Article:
NETHERLANDS - The Dutch Campaign Against Arms Trade (CtW) pressure group has lashed out at claims suggesting pension funds in the Netherlands are radically excluding the weapon industry from their investment portfolios.
The organisation responded to a media storm that followed a report published this week by the Association of Investors in Sustainable Development (VBDO), claiming most of the €435bn money now considered to be responsibly invested excludes weapon manufacturers, as institutional investors are avoiding the arms industry.
"The pension money of Dutch citizens is still being invested in military companies on a large scale, for instance in companies that are involved in the manufacturing of nuclear weapons," said CtW.
The organisation added the policy criteria of pension funds does not indicate this will change in the near future.
The VBDO study published on Tuesday showed the amount of institutional assets undergoing at least one screening, mostly the negative exclusion of weapon manufacturers, has increased from just €47bn in 2005 to €435bn at the end of 2007 (40% of assets).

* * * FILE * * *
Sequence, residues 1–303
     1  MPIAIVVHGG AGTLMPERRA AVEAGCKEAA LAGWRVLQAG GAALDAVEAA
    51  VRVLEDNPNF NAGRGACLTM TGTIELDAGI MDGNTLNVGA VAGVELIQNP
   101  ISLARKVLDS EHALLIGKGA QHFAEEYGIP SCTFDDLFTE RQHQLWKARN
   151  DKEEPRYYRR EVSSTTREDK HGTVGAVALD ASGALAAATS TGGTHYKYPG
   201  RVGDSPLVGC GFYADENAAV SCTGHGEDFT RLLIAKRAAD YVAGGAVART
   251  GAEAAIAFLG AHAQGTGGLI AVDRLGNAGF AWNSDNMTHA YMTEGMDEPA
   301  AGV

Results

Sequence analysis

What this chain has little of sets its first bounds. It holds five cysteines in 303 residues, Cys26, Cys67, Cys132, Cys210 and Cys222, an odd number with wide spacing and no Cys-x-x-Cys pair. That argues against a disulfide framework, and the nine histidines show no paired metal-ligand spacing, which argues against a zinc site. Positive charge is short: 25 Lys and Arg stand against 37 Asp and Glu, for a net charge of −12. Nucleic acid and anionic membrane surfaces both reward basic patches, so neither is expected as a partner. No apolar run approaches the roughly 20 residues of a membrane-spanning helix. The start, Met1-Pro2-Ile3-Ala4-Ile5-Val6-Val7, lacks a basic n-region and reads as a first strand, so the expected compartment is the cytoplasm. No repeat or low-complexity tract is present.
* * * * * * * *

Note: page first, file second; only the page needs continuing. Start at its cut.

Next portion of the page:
The report, part of a larger European study conducted by Eurosif, found of the €435bn in assets undergoing negative screenings, €356.6bn were being screened on the exclusion of weapons alone. This is said to represent 36% of the total Dutch assets under management.
After simple screening, about €61bn is invested according to multiple ethical exclusion criteria.
CtW claims its own research revealed none of the surveyed pension funds excluded all weapon manufacturers and the exclusion criteria that VBDO refers to are mostly in relation to the production of very specific, and mostly prohibited weapons, such as landmines and cluster munitions.
"Only a few pension funds have exclusion criteria for the weapon production on a larger scale," said the group. "This proves that the exclusion of military production is possible, without a loss in returns."
CtW advocates an investment policy which excludes manufacturers of landmines, cluster ammunition, nuclear arms and weapons including depleted uranium, as well as companies with a turnover from military production of over 5%.
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